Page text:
According to Politico, President Trump will end DACA. The program that enables certain illegal immigrants who entered the country as minors, to receive a renewable two-year period of deferred action from deportation and eligibility for a work permit. Trump’s termination of the program is not immediate, as there will be a six month delay before it is eliminated. Nonetheless, the move will not be popular among most Americans.
DACA is well liked by Americans. In a June 2017 Morning Consult poll, only 22 percent of Republicans favored eliminating DACA. 11 percent of independents and 6 percent of Democrats wanted the program ended. Among Hispanics, DACA was also incredibly popular. Ending it will create more political challenges for Republicans, especially with Hispanics.
Let’s examine some numbers:
- There are over 57 million Hispanic Americans in the United States, which is almost 20% of the population.
- In 2016, 44 percent of voting eligible Hispanics were millennials. The number is expected to grow.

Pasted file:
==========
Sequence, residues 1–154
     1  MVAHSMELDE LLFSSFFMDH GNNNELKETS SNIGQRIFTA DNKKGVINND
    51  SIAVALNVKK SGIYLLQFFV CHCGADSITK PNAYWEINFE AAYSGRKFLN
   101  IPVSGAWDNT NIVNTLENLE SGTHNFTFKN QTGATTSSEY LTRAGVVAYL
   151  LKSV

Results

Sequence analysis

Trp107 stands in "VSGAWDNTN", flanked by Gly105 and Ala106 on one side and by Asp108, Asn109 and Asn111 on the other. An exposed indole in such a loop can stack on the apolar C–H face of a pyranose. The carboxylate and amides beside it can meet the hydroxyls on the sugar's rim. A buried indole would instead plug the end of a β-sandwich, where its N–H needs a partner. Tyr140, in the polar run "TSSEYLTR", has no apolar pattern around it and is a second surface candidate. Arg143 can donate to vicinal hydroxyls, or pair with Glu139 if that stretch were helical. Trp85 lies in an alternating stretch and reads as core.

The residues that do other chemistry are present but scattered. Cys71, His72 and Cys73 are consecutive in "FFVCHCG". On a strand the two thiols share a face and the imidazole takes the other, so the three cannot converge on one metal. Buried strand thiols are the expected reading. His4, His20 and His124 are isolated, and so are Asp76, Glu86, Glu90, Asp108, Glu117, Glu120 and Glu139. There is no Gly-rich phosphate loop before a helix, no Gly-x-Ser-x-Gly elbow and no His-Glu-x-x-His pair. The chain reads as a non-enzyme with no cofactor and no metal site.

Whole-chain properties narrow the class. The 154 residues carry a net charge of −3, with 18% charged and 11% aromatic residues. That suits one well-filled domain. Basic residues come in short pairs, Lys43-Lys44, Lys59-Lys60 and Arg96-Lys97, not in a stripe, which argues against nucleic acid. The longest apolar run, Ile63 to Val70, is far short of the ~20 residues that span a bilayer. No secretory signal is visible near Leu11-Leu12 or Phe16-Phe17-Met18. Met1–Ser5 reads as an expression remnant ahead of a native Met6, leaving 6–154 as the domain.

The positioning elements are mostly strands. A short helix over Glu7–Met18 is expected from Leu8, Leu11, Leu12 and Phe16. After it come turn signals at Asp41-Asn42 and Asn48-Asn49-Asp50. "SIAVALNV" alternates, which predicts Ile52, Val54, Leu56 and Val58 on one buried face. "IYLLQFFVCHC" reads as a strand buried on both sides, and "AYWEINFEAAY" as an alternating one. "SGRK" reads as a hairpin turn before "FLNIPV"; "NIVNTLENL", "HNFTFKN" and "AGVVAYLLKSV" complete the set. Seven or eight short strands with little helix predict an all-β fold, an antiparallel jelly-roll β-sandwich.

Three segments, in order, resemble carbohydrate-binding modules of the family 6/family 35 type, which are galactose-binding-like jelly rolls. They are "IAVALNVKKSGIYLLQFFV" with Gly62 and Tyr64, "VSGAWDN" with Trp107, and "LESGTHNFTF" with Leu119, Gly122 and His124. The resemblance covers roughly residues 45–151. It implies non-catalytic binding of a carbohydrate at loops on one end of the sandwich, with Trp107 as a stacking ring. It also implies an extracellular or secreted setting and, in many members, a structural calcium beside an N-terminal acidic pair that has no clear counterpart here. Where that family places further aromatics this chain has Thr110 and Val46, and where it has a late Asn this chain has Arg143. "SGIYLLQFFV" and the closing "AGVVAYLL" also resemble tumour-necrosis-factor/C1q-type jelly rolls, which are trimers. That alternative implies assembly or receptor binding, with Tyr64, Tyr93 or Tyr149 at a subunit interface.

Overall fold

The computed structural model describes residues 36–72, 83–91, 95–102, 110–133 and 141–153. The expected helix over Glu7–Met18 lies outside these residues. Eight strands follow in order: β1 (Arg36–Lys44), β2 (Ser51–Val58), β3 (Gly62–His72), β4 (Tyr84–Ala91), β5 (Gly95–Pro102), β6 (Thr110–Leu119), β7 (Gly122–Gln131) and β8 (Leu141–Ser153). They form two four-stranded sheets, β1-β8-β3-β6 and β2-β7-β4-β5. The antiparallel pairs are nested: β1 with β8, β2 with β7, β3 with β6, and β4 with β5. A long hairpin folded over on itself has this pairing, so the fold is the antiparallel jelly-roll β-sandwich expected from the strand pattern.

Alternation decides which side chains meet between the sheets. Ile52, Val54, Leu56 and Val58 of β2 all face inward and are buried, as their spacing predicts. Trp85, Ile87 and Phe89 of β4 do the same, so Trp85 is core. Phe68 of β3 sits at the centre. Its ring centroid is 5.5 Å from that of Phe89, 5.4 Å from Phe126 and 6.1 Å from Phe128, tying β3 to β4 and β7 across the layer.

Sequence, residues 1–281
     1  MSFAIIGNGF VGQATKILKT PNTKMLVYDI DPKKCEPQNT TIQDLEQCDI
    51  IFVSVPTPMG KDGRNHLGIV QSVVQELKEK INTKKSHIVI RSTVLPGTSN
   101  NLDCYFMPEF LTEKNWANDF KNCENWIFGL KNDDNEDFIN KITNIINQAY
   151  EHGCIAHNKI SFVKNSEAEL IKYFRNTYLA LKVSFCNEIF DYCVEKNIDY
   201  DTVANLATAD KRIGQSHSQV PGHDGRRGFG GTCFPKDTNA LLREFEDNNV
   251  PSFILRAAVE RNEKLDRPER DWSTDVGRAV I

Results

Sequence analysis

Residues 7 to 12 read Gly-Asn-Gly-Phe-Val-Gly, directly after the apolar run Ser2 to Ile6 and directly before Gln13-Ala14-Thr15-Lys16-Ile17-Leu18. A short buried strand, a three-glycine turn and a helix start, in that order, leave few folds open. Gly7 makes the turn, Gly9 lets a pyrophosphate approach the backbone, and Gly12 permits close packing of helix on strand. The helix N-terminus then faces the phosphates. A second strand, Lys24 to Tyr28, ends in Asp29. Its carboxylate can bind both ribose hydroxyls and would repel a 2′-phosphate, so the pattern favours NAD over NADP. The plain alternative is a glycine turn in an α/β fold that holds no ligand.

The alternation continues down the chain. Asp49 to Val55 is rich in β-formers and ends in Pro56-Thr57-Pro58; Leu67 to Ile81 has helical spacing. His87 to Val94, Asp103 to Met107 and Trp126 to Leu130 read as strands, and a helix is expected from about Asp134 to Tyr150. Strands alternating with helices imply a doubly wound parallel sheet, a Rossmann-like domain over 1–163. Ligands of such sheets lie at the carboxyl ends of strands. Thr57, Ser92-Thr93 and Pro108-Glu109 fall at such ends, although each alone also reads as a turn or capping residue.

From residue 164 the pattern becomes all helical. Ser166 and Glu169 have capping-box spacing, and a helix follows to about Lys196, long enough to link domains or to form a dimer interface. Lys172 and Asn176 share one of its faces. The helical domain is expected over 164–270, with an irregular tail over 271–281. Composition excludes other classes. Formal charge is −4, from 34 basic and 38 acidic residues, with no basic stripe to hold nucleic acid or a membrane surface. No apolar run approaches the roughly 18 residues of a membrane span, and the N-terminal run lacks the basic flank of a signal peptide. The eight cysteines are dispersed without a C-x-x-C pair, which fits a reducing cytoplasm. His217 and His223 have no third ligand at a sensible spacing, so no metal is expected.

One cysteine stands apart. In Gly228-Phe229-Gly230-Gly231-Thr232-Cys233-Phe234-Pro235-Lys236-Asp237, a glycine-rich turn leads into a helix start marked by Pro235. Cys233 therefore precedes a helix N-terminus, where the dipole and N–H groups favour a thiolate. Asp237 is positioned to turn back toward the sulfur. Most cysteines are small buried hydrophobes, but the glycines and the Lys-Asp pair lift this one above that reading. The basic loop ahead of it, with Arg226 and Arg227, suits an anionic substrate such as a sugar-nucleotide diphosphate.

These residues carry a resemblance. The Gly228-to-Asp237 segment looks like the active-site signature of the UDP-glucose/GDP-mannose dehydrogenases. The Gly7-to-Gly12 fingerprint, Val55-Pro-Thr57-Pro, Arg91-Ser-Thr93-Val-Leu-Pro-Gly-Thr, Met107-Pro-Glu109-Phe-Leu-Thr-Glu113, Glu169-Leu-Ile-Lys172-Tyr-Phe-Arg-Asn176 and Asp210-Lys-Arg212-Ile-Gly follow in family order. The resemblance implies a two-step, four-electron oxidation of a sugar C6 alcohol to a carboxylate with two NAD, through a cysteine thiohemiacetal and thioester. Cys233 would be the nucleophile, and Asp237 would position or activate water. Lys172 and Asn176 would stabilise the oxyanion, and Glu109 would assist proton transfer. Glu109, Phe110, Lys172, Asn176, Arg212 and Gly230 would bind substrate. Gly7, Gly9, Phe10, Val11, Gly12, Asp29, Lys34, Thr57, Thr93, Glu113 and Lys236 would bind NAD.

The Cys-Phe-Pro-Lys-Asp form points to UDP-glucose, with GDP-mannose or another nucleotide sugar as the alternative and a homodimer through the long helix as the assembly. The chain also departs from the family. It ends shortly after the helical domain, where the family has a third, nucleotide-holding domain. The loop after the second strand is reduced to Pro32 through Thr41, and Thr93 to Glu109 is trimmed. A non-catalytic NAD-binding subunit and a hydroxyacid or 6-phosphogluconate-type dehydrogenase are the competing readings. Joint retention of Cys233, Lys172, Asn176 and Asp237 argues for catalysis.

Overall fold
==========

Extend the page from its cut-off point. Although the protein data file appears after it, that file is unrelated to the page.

This should worry Republicans, as we already are experiencing a crisis with millennials. Only 1 in 5 identify with the GOP, an all-time low. Further, they are the largest generation and biggest portion of the American workforce. This is in addition to the fact that millennials are the most-diverse generation in American history, with 44 percent being minorities.
So, what sort of message does Trump ending DACA send? Not a good one.
In six months, it will be even worse, as the six month delay allows Congress to pass legislation that keeps DACA. Unfortunately, given the track record of Congress of late, it will likely fail. The failure to pass will give Trump the ability to blame the GOP House and Senate for DACA’s end. Remember, Trump has spent the past few weeks distancing himself from congressional Republicans, so it is likely to make the party as a whole look even worse.
At a time where the GOP is not winning over Hispanic voters, DACA’s end is another major roadblock and will only set the party back.